According to The Sunday Times, at last Tuesday’s meeting the Chancellor refused to lift the controversial 1% cap on wages for public sector workers because they receive bigger pensions.
“Public sector workers are overpaid when you take into account pensions,” he is reported to have said, before saying train drivers were “ludicrously overpaid”.
His comments have emerged after senior Tories called for a rethink on the public sector pay cap, claiming it badly damaged the Conservatives in last month’s general election.
Unions claim more than five million public sector workers have seen their incomes fall in real terms over the last seven years.
A Treasury spokesman told Sky News: “We have chosen to restrain pay to keep more public-sector jobs.”
He added: “The Chancellor was describing to cabinet the 10% public sector pay premium. He didn’t say public sector workers were overpaid.”
But The Sunday Times quotes a “Cabinet source” saying: “Philip used a fairly inflammatory phrase. He said they were overpaid.
“That caused some general astonishment. His overall tone was that we shouldn’t give them more cash because they are overpaid. Later in the meeting both Boris Johnson and the PM said we should not say public sector workers are overpaid.”
The row is likely to – and is no doubt intended to – damage Mr Hammond’s chances of becoming Prime Minister if Theresa May stands down later this year.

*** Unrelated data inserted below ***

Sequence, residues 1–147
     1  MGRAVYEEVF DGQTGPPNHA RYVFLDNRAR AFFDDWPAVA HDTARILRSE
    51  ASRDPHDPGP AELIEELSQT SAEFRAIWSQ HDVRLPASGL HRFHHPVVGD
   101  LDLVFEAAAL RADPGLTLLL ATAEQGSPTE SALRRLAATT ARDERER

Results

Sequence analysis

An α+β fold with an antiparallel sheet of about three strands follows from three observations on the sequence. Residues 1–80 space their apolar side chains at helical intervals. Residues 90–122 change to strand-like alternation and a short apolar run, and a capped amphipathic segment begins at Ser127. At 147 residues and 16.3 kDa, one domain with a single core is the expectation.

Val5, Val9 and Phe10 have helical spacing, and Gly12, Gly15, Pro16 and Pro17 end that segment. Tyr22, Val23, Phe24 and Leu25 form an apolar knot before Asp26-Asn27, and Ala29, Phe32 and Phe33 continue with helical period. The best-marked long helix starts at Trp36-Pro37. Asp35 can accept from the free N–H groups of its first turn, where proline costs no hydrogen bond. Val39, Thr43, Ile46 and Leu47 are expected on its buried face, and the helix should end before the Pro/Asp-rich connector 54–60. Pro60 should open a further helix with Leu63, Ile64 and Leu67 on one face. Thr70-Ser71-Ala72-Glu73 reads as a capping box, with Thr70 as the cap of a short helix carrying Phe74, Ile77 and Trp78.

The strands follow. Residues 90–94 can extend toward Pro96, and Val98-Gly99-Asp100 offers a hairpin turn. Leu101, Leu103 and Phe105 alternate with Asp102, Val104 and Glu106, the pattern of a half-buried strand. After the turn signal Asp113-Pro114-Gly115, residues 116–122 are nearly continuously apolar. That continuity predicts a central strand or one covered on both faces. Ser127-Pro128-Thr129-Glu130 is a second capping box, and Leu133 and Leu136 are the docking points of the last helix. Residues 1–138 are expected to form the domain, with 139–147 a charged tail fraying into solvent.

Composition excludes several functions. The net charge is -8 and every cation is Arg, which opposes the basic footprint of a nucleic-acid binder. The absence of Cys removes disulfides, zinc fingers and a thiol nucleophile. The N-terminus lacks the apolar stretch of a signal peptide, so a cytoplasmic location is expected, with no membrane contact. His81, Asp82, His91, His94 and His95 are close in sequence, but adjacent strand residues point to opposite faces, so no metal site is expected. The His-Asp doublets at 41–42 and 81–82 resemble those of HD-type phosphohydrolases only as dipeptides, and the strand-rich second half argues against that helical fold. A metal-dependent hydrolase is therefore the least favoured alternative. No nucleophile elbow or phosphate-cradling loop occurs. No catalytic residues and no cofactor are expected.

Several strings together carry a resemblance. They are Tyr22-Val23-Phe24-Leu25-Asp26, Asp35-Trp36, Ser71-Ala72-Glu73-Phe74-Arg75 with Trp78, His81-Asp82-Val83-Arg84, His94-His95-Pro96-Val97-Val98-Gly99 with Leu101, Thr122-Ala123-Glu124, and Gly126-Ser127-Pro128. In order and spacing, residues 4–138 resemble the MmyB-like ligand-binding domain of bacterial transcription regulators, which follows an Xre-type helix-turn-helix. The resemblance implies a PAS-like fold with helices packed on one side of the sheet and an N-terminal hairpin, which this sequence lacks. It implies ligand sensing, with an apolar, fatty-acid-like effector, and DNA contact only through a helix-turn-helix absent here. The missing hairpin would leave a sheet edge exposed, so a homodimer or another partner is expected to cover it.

Such a potentially explosive claim from inside the Cabinet room suggests ministers plotting ahead of a leadership are now in a state of permanent civil war and that discipline has broken down.
The Sunday Times report came after it was reported 24 hours earlier by The Sun that the Chancellor also made sexist comments about women train drivers at the same Cabinet meeting on Tuesday.
Ministers will come under fresh pressure to lift the pay cap this week when the TUC stages a protest in Westminster.
The TUC calculates the real-terms wages of prison officers, paramedics and NHS dieticians are all down more than £3,800 a year compared with seven years ago. Firefighters are down nearly £2,900 and teachers £2,500.
Whether or not he used the words “ludicrously overpaid”, Mr Hammond was no doubt reflecting, however, that train drivers on Southern Rail have voted to strike over pay despite being offered a 23.8% rise over four years to £60,683 for a four-day week.